I only wish I’d had this list when I began writing, but 37 novels later, I do have a few things figured out. I don’t follow all these rules slavishly. I say begin with the murder but…often I don’t. Every writer does things differently, so don’t take how someone else writes for your template. I could add that many writers do things differently in different books but that will just make you cry so I won’t. Try everything below once, keep what works for you, and trash the rest.
1. Begin with the murder. Get into the victim’s head as they die. Make it as real and as awful as you can. This invests the reader with sympathy for the victim no matter how horrible they were in life and lends that much more urgency to your protagonist’s quest to find the murderer. It will make finding the killer that much more urgent for the writer as well.*
*Who would be you.
2. Love your creeps. Put the villain on display and do it early in the narrative. Get your reader invested in the character and then betray the hell out of both of them.
3. Put your protagonist at risk. Physically, mentally, emotionally, any or all. Liam Campbell jumped out of an airplane (on purpose), was nearly flattened by a herd of walrus, and has been shot at and missed far too many times. We won’t even go into his love life or his family damage. Let’s face it: We’re all a hot mess. Make your heroes human so your readers can relate to them.
Pro tip: Don’t make them drunks or addicts or on the spectrum, because all of those things have been done to death. So to speak.
4. Make your protagonist a hero, if not in his own eyes then in everyone else’s. A hero is better than you and me; that’s why they are heroes and why they deserve their own novel and you and I don’t. How? In the end, the hero always Does the Right Thing and justice is served, if not the law.*
*If you don’t know the difference you’re in the wrong business.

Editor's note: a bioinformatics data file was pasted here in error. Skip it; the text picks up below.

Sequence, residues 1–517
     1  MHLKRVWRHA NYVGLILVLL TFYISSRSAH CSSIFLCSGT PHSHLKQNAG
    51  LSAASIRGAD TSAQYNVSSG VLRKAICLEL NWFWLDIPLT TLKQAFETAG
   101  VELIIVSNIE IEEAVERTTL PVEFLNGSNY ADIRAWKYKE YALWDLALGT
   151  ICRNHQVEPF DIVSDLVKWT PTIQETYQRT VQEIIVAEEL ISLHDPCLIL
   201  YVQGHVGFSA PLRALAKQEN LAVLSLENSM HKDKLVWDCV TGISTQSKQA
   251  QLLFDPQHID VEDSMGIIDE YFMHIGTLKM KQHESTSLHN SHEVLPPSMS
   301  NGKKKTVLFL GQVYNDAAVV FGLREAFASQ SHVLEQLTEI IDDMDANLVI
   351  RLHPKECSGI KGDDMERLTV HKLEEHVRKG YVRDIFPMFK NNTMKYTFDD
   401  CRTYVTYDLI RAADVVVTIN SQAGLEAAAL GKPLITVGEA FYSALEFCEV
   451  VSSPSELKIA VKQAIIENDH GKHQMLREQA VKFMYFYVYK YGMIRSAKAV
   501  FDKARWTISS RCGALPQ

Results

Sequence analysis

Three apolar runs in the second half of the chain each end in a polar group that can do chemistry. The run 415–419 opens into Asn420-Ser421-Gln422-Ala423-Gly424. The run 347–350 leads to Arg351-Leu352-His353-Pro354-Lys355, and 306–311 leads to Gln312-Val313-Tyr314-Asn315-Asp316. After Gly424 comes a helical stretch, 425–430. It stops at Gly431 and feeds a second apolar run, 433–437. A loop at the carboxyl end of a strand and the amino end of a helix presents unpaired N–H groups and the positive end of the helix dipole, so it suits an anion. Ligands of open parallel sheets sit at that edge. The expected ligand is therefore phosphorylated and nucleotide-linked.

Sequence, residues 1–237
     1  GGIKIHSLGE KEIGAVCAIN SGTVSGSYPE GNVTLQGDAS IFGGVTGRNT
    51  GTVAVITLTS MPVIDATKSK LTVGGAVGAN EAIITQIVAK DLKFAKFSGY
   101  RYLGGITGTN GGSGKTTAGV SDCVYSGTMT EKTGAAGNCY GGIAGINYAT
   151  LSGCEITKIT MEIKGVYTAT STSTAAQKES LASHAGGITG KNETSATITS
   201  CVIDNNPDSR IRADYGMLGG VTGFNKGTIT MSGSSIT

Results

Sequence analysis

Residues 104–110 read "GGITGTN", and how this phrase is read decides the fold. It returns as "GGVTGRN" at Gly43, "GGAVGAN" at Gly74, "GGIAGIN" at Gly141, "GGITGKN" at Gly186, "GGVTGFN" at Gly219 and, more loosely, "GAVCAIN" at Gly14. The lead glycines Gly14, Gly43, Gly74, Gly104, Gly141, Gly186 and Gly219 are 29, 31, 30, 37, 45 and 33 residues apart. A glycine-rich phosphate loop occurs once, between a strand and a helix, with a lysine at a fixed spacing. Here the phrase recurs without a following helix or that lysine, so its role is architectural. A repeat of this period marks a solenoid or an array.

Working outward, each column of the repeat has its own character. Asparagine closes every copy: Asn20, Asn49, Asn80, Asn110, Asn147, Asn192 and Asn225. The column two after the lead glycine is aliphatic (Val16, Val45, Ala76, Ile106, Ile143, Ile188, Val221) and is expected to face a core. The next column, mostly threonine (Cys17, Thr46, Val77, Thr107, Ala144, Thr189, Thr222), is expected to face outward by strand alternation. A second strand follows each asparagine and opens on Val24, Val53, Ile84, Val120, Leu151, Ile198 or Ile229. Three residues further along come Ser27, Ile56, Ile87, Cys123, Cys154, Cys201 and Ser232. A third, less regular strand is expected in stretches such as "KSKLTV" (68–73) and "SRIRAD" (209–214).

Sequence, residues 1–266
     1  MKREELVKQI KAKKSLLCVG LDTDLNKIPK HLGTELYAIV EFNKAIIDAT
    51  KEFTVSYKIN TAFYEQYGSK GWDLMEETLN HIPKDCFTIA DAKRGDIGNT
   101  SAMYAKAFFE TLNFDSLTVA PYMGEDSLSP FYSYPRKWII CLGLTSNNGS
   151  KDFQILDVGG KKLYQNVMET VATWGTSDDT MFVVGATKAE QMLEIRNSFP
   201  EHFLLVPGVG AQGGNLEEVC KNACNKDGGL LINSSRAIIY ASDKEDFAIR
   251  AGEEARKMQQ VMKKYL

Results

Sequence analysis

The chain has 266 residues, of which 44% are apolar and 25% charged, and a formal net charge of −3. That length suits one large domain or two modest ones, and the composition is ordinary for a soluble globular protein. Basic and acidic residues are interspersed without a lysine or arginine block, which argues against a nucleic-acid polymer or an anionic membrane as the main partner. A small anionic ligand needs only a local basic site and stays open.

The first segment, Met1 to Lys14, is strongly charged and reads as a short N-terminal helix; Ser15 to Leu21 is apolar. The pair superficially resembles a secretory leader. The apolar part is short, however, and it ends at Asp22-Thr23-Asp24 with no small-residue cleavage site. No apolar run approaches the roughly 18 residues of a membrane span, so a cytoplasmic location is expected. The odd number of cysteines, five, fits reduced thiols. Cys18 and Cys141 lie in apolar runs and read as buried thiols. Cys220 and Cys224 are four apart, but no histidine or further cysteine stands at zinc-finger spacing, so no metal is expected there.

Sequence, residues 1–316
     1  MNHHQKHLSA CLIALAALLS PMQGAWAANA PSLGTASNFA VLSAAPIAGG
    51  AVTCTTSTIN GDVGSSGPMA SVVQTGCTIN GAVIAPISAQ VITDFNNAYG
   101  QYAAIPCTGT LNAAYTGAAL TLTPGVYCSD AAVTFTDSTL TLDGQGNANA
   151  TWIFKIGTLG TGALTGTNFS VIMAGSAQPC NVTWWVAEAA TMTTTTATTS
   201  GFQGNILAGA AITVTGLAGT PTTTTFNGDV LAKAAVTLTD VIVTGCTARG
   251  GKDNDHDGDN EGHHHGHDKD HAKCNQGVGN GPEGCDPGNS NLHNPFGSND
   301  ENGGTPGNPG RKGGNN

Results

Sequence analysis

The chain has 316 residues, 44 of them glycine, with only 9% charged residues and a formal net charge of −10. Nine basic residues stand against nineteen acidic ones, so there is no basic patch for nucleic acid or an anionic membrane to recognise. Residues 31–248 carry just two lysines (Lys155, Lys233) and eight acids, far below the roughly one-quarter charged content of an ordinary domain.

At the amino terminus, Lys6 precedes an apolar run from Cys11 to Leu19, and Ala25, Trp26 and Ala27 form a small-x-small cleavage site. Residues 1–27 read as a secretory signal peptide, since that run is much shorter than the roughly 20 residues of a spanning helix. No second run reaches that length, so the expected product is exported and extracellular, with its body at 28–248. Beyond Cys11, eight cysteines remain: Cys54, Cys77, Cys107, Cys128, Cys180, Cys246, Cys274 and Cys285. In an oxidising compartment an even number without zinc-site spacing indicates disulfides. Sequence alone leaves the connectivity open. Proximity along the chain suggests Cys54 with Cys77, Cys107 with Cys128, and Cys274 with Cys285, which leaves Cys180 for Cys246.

5. Never neglect setting.* It’s key to everything that follows. What does it look like, smell like, sound like, feel like? What effect does the setting have on the characters, and why? Once you figure out setting, you can figure out who lives there and after that what they’re up to.
*Maps are always good, for you and for the reader.
6. Decide early on if you’re writing a series or a stand-alone.* Don’t introduce that great character only to kill him off at the end of the first book of a 22-book (and counting) series. Don’t ask me how I know.
*Realize that a book can turn on you at any time, and often will.
7. Backstory. Every single character gets one, including the guy who shows up once to deliver the mail. It can be as little as a sentence or as much as a subplot running through the entire narrative. The supporting cast is what makes a great book and what gives a series long legs.
Coda: This is going to sound self-evident, but lately I have read far too many novels in which I cannot find a single character to like, to identify with, to root for. Have at least one person in your book whom the reader can cheer on. If you don’t, you might not lose anyone else but for sure you’ll lose me.